England's Test series triumph in Australia marked the end of an era, so this summer, therefore, is the start of a new one.
Everyone involved, from captain Andrew Strauss to National Selector Geoff Miller is emphasising that having now won the Ashes home and away, England's goal is to become the number one-rated Test team in the world.
With India currently holding that position and visiting here later in the summer, hard on the heels of a tour of the West Indies, England have a real opportunity to knock the world champions from their perch.
But there are some issues to deal with before then, not least ensuring that there are no slip-ups against Sri Lanka, who come armed with plenty of batting capability, but seriously weakened by the retirements of spinner Muttiah Muralitharan and pace bowler Lasith Malinga.
There is little doubt that the absence of those two star attractions has also hit the ticket sales at Cardiff and The Rose Bowl, venues for the first and third Tests.
Ahed of the opening match, the main task for England's selectors was to address the hole in England's batting order created by Paul Collingwood's retirement from Test cricket.
Of the two main contenders, Ravi Bopara made the early running with two centuries for Essex while Eion Morgan was otherwise engaged at the IPL, but Morgan's 193 for the England Lions against Sri Lanka this week ensured he will be given the first chance to make the number six spot his own.
Bopara is a lovely natural player and turned down the IPL to focus on pressing his Test claims. The England camp does not actively encourage its players to take part in the IPL circus, but having granted Morgan permission to play by issuing him a 'no objection certificate', they could hardly penalise him for doing so - particularly after scoring a big hundred against the tourists.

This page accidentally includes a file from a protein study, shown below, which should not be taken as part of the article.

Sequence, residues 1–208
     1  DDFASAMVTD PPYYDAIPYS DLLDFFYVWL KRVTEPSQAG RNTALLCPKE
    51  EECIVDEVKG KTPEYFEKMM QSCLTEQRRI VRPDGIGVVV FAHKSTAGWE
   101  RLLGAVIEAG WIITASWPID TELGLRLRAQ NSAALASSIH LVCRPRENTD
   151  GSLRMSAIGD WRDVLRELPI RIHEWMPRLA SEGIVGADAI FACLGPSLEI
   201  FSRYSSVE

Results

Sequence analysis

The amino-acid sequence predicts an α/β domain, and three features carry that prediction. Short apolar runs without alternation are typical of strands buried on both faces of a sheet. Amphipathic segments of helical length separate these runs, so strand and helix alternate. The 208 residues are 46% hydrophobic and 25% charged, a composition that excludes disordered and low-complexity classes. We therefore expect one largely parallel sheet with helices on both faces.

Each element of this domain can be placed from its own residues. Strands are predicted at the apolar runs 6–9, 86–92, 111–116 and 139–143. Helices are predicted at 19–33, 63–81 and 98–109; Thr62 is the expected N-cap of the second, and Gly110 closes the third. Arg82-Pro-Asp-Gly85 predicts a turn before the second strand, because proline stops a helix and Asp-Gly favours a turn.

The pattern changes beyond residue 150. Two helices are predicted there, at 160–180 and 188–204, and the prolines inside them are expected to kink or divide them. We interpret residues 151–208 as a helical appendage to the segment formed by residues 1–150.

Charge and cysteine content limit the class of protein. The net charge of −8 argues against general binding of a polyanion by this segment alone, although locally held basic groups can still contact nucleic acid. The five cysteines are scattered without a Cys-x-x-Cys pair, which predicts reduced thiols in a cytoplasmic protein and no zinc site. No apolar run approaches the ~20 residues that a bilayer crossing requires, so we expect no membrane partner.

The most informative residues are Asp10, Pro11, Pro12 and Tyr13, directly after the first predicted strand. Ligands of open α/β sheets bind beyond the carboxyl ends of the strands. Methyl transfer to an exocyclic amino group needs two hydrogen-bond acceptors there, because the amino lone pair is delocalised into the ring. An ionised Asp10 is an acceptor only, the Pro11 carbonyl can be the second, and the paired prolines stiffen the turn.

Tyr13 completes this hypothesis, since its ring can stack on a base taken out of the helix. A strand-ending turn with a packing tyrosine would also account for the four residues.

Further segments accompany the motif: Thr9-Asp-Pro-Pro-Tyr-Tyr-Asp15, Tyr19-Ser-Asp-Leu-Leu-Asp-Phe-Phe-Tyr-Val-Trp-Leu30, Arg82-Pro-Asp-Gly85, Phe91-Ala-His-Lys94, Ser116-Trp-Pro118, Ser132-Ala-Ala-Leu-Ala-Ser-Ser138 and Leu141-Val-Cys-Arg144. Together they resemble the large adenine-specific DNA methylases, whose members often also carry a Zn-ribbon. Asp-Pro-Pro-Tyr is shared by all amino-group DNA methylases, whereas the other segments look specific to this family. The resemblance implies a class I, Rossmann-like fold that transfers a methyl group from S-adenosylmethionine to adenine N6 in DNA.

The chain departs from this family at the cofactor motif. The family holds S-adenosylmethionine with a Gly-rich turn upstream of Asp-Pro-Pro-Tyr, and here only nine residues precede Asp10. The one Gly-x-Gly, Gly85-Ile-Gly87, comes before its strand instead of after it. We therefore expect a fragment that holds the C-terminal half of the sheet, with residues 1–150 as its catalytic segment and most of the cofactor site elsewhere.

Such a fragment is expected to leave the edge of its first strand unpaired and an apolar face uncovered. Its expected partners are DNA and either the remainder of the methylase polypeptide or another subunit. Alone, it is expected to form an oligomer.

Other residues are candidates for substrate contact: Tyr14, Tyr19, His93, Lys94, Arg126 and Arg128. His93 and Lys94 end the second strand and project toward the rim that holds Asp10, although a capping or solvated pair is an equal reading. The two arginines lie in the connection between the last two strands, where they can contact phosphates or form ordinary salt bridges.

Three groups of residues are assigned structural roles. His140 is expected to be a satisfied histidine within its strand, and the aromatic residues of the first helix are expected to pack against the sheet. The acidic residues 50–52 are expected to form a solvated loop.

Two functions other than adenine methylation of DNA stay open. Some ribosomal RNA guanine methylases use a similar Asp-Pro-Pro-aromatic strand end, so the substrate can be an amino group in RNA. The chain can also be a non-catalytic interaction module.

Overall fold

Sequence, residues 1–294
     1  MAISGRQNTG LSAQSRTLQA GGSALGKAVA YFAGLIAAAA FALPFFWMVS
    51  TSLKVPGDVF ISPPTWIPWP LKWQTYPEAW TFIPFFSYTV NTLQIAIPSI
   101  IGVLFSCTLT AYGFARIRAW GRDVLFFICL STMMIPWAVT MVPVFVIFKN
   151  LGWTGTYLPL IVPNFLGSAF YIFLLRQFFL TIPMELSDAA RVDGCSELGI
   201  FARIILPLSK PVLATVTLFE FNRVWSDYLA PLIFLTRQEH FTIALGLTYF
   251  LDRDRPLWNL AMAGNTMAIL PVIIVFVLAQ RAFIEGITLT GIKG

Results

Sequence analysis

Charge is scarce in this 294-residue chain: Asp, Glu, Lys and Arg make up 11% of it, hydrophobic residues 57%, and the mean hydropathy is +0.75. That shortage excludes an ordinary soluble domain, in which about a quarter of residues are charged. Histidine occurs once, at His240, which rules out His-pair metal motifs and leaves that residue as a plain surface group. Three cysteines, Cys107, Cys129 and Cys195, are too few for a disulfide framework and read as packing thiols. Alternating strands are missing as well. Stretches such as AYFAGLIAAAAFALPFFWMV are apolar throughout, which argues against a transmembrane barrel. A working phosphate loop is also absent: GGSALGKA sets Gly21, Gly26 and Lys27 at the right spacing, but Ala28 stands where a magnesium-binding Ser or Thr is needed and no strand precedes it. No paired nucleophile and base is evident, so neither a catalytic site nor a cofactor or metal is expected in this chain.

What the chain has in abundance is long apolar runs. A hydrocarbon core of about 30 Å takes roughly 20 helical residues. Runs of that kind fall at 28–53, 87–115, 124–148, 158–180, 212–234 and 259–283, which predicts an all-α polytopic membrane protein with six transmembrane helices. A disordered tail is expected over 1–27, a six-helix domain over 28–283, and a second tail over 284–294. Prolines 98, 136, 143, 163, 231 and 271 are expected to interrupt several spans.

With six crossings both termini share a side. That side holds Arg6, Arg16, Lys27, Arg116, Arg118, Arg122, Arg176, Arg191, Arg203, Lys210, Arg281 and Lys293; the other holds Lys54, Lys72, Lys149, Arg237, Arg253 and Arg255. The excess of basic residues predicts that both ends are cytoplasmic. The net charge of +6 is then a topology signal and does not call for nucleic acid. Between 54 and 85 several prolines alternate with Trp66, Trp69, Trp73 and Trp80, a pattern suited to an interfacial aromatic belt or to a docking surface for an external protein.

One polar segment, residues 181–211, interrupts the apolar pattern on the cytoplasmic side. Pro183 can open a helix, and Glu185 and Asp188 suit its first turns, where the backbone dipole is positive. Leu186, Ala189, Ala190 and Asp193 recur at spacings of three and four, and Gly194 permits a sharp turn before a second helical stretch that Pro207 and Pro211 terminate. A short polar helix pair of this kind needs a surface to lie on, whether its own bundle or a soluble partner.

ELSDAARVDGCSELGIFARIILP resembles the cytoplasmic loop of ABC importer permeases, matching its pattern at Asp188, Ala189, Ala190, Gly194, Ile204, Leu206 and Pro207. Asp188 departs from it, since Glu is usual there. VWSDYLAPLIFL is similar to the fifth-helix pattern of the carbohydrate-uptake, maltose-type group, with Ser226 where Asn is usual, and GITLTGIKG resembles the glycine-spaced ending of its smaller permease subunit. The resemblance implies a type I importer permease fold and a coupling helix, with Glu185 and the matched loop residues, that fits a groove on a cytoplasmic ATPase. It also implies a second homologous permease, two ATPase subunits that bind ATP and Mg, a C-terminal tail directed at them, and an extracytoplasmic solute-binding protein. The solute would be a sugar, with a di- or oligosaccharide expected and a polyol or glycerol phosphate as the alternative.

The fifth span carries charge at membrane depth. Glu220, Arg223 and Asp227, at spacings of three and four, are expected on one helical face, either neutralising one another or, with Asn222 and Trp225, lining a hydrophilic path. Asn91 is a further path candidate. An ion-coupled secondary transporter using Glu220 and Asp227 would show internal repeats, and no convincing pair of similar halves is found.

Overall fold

Bopara's bowling might have offered Strauss an option for a few overs here and there, but most will agree that if Morgan can now cement his place with some big scores, his innovative and busy style of batting would be invaluable to England's middle order.
Another issue England need to address is Kevin Pietersen. He left the World Cup under a cloud, having been told that despite his injury he could carry on playing until the end of the tournament, and the team management expressed genuine frustration at the time.
The word around the camp is that Pietersen does not appear to be a team man, and while nothing will be said publicly, KP needs to show unfailing commitment both to the cause and to his team-mates from the word go.
It is perfectly acceptable to be 'different' and to live outside the mainstream, but it is not acceptable to have a negative impact on the team environment.
Runs will help, of course, but not entirely and besides, with only one hundred (a double) to show for the last two years' work (21 Tests) at an average of barely 40, Pietersen is currently not making the most of his undeniable talent.